In somber contrast with this effervescent society were the saints and mystics who, under these dukes, gave Holland a high place in religious history. Jan van Ruysbroeck, a Brussels priest, retired at fifty (1343) to an Augustinian monastery at Groenendael, near Waterloo, where he devoted himself to mystical contemplation and compositions. He professed that the Holy Spirit guided his pen; nevertheless his pantheism verged upon a denial of individual immortality.

God Himself is swallowed up with all the blessed in an absence of modes... an eternal loss of self.... . The seventh degree is attained when, beyond all knowledge or all knowing, we discover in ourselves a bottomless not-knowing; when, beyond all names given to God or to creatures, we come to expire, and pass over in eternal namelessness, where we lose ourselves .. . and contemplate all these blessed spirits which are essentially sunken away, merged and lost in their superessence, in an unknown darkness without mode.5

The Netherlands* and Rhenish Germany saw in this period a profusion of lay groups—Beghards, Beguines, Brethren of the Free Spirit—whose mystic raptures led often to piety, social service, quietism, and pacifism, sometimes to a rejection of the sacraments as unnecessary, and occasionally to a cheerful acceptance of sin as quite swallowed up in union with God.6 Gerrit (Geert, Gerard) Groote of Deventer, after receiving a good education at Cologne, Paris, and Prague, spent many days with Ruysbroeck at Groenendael, and was moved to make the love of God the pervading motive of his life. Having received deacon’s orders (1379), he began to preach in the towns of Holland, in the vernacular, to audiences so large that the local churches could not hold them; people left their shops and meals to hear him. Scrupulously orthodox in doctrine, and himself a “hammer of heretics,” he nevertheless attacked the moral laxity of priests as well as of laymen, and demanded that Christians should live strictly in accord with the ethics of Christ. He was denounced as a heretic, and the bishop of Utrecht withdrew from all deacons the right to preach. One of Groote’s followers, Floris Radewijnszoon, drew up a semi-monastic, semi-communistic rule for the “Brethren of the Common Life,” who lived in a Fraterhuisat Deventer with Groote at their head, and—without taking monastic vows—occupied themselves with manual labor, teaching, religious devotions, and copying manuscripts. Groote died at forty-four (1384) of a pestilence contracted while nursing a friend, but his Brotherhood spread its influence through 200 Fraterhuizen in Holland and Germany. The schools of the Brotherhood gave the pagan classics a prominent place in their curriculum, preparing the way for the Jesuit schools that took over their work in the Counter Reformation. The Brethren welcomed printing soon after its appearance, and used it to disseminate their moderna devotio. Alexander Hegius at Deventer (1475–98) was a memorable example of the type that fortunate students have known—the saintly teacher who lives only for the instruction and moral guidance of his pupils. He improved the curriculum, centered it around the classics, and won the praise of Erasmus for the purity of his Latin style. When he died he left nothing but his clothes and his books; everything else he had secretly given to the poor.7 Among the famous pupils of Deventer were Nicholas of Cusa, Erasmus, Rudolf Agricola, Jean de Gerson, and the author of The Imitation of Christ.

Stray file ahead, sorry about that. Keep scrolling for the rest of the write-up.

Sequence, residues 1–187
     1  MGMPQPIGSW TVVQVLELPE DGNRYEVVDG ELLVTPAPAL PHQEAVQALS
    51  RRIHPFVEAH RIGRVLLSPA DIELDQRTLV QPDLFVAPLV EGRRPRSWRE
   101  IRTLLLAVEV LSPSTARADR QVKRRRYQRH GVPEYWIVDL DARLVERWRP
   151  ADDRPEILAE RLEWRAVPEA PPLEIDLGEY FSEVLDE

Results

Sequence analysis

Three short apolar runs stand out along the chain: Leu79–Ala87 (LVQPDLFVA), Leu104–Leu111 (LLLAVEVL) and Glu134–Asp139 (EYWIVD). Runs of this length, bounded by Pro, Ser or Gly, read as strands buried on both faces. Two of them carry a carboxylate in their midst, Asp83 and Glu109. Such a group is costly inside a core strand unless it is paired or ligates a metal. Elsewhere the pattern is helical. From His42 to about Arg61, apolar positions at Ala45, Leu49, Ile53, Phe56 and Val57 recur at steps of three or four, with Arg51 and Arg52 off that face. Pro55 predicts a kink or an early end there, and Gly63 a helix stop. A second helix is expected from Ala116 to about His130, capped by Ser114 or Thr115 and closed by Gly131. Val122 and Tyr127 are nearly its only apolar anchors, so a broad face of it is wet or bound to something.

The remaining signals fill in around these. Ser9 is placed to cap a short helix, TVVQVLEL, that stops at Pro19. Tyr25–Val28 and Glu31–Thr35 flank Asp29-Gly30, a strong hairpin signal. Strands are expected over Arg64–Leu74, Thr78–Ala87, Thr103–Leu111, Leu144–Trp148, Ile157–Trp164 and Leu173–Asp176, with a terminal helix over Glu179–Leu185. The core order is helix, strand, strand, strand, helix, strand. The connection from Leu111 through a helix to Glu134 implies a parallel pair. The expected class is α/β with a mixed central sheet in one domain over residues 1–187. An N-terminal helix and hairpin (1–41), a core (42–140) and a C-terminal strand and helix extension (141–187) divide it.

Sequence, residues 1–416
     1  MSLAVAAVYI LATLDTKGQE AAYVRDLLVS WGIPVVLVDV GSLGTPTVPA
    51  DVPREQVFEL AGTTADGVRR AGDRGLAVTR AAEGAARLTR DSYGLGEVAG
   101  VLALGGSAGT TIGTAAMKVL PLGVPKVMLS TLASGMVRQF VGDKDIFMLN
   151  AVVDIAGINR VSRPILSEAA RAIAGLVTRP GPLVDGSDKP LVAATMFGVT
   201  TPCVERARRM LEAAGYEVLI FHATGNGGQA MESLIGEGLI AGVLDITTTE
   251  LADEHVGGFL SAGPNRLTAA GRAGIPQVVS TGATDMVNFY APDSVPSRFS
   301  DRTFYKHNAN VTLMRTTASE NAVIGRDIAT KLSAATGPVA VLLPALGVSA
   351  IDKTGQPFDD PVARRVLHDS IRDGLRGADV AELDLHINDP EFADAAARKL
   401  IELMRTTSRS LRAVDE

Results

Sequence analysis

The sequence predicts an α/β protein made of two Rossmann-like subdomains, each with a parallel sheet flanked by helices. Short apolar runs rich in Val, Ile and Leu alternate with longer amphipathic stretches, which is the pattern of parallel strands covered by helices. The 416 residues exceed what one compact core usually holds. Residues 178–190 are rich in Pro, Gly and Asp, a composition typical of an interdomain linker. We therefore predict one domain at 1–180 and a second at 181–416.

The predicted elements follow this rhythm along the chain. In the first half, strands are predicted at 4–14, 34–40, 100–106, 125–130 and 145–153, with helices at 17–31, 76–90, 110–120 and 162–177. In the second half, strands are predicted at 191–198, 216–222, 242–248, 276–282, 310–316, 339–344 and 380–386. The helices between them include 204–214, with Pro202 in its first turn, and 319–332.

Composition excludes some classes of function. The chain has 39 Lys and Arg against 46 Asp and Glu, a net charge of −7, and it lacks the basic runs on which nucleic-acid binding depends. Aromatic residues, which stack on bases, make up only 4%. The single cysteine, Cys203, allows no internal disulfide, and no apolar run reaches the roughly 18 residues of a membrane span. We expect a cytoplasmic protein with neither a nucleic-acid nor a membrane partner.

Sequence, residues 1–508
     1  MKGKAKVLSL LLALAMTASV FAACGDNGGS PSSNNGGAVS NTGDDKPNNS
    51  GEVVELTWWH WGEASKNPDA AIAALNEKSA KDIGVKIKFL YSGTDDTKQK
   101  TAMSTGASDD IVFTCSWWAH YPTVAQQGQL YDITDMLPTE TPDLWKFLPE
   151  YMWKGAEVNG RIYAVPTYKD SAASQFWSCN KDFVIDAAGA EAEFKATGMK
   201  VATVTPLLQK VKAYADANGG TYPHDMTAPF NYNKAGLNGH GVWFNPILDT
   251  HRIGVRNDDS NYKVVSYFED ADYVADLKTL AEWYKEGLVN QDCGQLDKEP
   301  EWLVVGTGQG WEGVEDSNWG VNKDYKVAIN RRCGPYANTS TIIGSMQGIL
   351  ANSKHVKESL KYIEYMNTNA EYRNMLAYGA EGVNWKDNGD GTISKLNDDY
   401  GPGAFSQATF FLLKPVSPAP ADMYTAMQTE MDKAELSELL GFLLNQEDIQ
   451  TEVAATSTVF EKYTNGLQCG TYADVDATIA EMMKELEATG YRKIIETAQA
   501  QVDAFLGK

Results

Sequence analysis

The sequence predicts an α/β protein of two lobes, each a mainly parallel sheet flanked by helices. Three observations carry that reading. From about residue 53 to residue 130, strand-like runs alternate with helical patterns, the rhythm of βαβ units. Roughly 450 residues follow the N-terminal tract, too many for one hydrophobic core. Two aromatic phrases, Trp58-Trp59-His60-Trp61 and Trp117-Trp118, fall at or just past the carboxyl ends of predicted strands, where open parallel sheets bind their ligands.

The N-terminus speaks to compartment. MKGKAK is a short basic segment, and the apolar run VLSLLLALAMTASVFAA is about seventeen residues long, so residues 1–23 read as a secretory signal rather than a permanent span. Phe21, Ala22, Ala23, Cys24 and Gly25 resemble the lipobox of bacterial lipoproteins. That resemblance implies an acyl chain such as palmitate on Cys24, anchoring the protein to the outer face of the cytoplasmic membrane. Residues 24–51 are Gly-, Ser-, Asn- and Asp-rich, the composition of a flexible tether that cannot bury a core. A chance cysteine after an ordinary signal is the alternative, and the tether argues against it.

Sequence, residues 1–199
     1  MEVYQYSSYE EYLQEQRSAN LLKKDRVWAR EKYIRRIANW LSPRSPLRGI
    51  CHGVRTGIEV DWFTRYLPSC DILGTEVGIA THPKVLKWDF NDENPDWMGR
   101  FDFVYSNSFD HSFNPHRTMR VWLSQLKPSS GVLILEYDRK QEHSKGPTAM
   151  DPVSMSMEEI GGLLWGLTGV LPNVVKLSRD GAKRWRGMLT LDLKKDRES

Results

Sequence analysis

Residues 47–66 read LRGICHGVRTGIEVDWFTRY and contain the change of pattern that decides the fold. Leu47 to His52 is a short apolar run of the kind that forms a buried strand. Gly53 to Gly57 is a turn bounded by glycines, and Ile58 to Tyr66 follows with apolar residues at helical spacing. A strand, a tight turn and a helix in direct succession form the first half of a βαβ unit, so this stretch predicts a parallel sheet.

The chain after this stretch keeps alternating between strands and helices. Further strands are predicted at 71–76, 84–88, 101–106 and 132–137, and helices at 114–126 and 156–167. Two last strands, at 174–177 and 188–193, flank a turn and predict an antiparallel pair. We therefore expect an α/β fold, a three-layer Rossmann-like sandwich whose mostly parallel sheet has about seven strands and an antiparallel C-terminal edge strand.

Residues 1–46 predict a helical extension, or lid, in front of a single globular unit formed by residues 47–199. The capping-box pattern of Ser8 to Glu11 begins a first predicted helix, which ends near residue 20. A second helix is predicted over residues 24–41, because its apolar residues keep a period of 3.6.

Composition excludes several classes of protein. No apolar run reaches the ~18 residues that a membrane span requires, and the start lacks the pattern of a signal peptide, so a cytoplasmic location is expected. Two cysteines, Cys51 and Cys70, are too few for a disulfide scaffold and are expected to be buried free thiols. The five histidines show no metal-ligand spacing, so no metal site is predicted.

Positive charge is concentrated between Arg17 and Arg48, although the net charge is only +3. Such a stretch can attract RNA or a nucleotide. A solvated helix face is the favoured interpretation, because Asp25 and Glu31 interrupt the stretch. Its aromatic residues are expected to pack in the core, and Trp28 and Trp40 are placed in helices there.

We are not sure who wrote this exquisite manual of humility. Probably it was Thomas Hamerken of Kempen in Prussia. In the quiet of his cell in the monastery of Mt. St. Agnes near Zwolle, Thomas à Kempis (1380–1471) gathered from the Bible, the Fathers of the Church, and St. Bernard passages expounding the ideal of unworldly piety as conceived by Ruysbroeck and Groote, and rephrased them in simple mellifluous Latin.

What will it avail thee to be engaged in profound discussions of the Trinity, if thou be void of humility, and art thereby displeasing to the Trinity? Truly, sublime words do not make a man holy and just, but a virtuous life maketh him dear to God. I had rather feel compunction than know how to define it. If thou knewest the whole Bible by heart, and the sayings of all the philosophers, what would it profit thee without the love of God, and without grace? Vanity of vanities, and all is vanity, except to love God, and Him only to serve. This is the highest wisdom, by contempt of the world to tend toward the Kingdom of Heaven.... Yet learning is not to be blamed... for that is good in itself and ordained by God, but a good conscience and a virtuous life are always to be preferred....

He is truly great who hath great love. He is truly great that is little in his own eyes, and that maketh no account of any height of honor. He is truly wise who casteth aside all earthly things as dung, that he may win Christ....

Fly the tumult of men as much as thou canst, for the treating of worldly affairs is a great hindrance.... . Truly it is misery to live on the earth.... It is a great matter to live in obedience, to be under a superior, and not to be at our own disposing. It is much safer to obey than to govern.... The cell, constantly dwelt in, groweth sweet.8

There is a gentle eloquence in the Imitation that echoes the profound simplicity of Christ’s sermons and parables. It is an ever needed check on the intellectual pride of frail reason and shallow sophistication. When we are weary of facing our responsibilities in life we shall find no better refuge than Thomas à Kempis’ Fifth Gospel. But who shall teach us how to be Christians in the stream and storm of the world?

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